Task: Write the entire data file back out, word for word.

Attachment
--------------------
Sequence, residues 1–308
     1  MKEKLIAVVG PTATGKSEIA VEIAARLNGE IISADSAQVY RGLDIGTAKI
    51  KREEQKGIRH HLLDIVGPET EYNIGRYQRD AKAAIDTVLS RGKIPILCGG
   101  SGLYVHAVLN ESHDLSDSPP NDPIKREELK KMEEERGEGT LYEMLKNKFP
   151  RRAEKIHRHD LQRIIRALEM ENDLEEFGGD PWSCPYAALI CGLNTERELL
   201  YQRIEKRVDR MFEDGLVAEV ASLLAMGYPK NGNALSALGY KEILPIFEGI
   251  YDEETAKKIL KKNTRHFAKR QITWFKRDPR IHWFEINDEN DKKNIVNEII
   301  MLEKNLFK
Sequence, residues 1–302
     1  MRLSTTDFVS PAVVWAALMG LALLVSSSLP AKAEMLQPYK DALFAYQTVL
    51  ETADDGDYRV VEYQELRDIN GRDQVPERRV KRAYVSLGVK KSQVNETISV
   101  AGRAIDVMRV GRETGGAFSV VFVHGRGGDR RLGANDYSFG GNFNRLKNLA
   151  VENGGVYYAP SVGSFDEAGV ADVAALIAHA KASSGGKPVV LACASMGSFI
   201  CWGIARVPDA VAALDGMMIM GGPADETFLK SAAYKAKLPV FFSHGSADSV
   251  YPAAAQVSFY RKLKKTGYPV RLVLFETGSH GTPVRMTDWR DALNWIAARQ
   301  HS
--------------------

Sequence, residues 1–308
     1  MKEKLIAVVG PTATGKSEIA VEIAARLNGE IISADSAQVY RGLDIGTAKI
    51  KREEQKGIRH HLLDIVGPET EYNIGRYQRD AKAAIDTVLS RGKIPILCGG
   101  SGLYVHAVLN ESHDLSDSPP NDPIKREELK KMEEERGEGT LYEMLKNKFP
   151  RRAEKIHRHD LQRIIRALEM ENDLEEFGGD PWSCPYAALI CGLNTERELL
   201  YQRIEKRVDR MFEDGLVAEV ASLLAMGYPK NGNALSALGY KEILPIFEGI
   251  YDEETAKKIL KKNTRHFAKR QITWFKRDPR IHWFEINDEN DKKNIVNEII
   301  MLEKNLFK
Sequence, residues 1–302
     1  MRLSTTDFVS PAVVWAALMG LALLVSSSLP AKAEMLQPYK DALFAYQTVL
    51  ETADDGDYRV VEYQELRDIN GRDQVPERRV KRAYVSLGVK KSQVNETISV
   101  AGRAIDVMRV GRETGGAFSV VFVHGRGGDR RLGANDYSFG GNFNRLKNLA
   151  VENGGVYYAP SVGSFDEAGV ADVAALIAHA KASSGGKPVV LACASMGSFI
   201  CWGIARVPDA VAALDGMMIM GGPADETFLK SAAYKAKLPV FFSHGSADSV
   251  YPAAAQVSFY RKLKKTGYPV RLVLFETGSH GTPVRMTDWR DALNWIAARQ
   301  HS